Wolves 2020/21 preview: How can momentum be maintained?

Ahead of the new campaign, we look at Wolves' strengths and weaknesses as Nuno Espirito Santo looks to go again

Wolves

If Wolves' epic season, one that lasted well over a year, feels like it only just finished, that is because it did. They resume away to Sheffield United on September 14 less than five weeks after their Europa League adventure finally came to an end against Sevilla.

The expectation was that a repeat of Wolves' seventh-place finish would prove too much for Nuno Espirito Santo's small squad given their European commitments but the players managed to conjure up that repeat as well as reaching the quarter-finals of the competition.

In fact, a point on the final day of the Premier League would have been enough for sixth and European qualification once more. Instead, Arsenal's FA Cup win has left them out of Europe altogether, with question marks over whether momentum can be maintained.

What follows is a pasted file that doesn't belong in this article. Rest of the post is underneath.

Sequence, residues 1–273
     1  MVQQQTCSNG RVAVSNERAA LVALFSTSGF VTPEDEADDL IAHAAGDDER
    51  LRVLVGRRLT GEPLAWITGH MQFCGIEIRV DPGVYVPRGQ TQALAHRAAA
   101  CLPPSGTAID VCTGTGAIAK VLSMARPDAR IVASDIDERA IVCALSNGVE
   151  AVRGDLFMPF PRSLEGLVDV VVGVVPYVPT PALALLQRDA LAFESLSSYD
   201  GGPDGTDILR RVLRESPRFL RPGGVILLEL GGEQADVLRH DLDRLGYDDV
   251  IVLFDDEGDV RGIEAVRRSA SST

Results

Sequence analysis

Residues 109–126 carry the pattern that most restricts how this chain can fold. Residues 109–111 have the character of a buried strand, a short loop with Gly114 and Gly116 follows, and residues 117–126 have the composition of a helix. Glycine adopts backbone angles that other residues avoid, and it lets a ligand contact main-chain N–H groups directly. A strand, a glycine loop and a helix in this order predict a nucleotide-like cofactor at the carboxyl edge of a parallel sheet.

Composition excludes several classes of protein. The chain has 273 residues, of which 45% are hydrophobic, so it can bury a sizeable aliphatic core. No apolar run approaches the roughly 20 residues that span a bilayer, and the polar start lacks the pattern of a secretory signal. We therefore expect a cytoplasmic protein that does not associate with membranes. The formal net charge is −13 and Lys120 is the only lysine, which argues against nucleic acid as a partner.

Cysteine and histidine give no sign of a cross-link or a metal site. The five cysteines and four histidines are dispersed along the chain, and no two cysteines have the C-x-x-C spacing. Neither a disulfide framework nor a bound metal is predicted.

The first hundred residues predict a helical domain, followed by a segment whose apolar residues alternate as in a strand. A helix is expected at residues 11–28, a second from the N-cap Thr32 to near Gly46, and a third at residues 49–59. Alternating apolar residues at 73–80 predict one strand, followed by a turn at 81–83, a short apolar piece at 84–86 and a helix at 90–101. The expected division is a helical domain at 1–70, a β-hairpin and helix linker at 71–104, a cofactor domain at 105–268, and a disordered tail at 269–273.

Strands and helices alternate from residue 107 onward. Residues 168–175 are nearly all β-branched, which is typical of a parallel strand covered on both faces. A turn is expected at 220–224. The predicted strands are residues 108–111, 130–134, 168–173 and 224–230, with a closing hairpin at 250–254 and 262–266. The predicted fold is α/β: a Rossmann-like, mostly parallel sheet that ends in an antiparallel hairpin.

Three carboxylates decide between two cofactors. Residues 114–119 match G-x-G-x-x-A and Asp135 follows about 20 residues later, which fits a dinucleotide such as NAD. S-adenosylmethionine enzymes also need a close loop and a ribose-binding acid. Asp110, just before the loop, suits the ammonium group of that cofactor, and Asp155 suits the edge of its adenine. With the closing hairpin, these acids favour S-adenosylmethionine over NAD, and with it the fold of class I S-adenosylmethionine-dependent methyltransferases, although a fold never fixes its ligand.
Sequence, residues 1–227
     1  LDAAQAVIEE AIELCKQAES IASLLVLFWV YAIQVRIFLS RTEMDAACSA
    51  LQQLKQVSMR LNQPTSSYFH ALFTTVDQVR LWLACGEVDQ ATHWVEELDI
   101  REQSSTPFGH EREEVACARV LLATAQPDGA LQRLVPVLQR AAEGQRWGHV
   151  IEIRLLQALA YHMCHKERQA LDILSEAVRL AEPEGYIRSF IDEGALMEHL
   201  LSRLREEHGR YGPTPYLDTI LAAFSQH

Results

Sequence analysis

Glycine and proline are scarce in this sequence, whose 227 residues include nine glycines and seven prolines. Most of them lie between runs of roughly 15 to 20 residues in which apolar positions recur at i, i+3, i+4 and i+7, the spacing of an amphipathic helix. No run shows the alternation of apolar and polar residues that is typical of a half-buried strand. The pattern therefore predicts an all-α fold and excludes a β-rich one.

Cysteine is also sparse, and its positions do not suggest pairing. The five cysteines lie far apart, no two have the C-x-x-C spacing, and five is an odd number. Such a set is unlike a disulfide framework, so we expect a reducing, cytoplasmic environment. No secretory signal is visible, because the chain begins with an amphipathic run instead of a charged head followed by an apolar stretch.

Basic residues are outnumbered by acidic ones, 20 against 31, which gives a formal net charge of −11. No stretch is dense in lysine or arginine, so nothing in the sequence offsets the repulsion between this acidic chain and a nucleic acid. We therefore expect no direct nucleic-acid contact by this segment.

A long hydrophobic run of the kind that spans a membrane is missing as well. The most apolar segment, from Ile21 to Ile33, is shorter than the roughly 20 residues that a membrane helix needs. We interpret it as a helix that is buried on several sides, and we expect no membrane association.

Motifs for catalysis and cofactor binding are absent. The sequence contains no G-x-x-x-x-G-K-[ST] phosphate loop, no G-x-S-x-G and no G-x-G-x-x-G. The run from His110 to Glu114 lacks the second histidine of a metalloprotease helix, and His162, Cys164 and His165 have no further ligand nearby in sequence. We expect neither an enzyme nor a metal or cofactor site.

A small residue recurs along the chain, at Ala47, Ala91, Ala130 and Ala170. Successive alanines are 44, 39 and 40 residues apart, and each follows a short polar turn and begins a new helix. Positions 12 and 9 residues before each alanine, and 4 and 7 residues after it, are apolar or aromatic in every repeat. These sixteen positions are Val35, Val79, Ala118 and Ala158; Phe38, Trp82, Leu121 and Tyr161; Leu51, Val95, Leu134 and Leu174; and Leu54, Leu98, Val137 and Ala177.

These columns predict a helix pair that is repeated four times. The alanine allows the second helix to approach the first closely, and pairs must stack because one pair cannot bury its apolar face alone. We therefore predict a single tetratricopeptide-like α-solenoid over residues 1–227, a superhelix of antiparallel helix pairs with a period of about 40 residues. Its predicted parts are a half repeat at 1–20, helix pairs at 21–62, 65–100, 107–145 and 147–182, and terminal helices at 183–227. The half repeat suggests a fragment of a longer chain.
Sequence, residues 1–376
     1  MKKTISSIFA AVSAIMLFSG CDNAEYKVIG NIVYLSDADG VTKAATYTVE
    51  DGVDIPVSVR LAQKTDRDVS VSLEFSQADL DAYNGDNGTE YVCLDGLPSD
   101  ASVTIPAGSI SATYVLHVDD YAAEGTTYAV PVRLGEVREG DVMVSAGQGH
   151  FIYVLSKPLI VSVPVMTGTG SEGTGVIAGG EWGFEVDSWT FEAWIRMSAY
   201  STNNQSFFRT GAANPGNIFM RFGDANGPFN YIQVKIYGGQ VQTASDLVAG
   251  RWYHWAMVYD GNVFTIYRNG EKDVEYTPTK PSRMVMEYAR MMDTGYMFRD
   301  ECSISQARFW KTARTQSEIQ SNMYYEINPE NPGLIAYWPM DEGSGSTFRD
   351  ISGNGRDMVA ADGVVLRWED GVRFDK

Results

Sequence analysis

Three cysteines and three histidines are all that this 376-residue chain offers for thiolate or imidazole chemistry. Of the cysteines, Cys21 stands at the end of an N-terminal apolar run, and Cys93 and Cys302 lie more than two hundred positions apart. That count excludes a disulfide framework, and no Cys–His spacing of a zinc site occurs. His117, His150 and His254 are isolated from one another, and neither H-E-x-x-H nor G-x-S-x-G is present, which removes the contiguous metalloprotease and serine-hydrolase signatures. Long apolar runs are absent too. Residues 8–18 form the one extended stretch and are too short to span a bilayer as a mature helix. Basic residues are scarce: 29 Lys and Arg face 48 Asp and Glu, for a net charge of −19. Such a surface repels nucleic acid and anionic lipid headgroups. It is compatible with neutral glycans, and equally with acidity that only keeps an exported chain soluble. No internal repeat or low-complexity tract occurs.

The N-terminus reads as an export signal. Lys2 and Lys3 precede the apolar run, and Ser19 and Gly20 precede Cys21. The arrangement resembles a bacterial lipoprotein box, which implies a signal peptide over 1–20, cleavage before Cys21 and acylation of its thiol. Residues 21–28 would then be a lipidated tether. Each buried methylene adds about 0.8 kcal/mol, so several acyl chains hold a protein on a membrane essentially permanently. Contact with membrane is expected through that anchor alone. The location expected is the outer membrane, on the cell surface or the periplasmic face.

Where they stand

The fear was that the biggest clubs on the continent would come calling for star players such as Raul Jimenez and Adama Traore. Supporters anticipated that. What they did not expect was the surprise sale of longest-serving player Matt Doherty to Tottenham.

While it is true that Wolves will not have to contend with Europe this season, supporters were becoming jittery that their thin squad would not be adequately bolstered. That changed when the club announced the club-record signing of 18-year-old Fabio Silva from Porto.

The subsequent signing of Fernando Marcal from Lyon means there is renewed hope that Nuno will be willing to sign a new contract and the project can continue to progress. With Manchester City visiting Molineux after the trip to Bramall Lane, Wolves are on the treadmill yet again.

Where they're strong

Raul Jimenez celebrates with team-mates after scoring Wolves' opening goal against West Ham
Image: Wolves' threat is well known but that doesn't mean it is easy to stop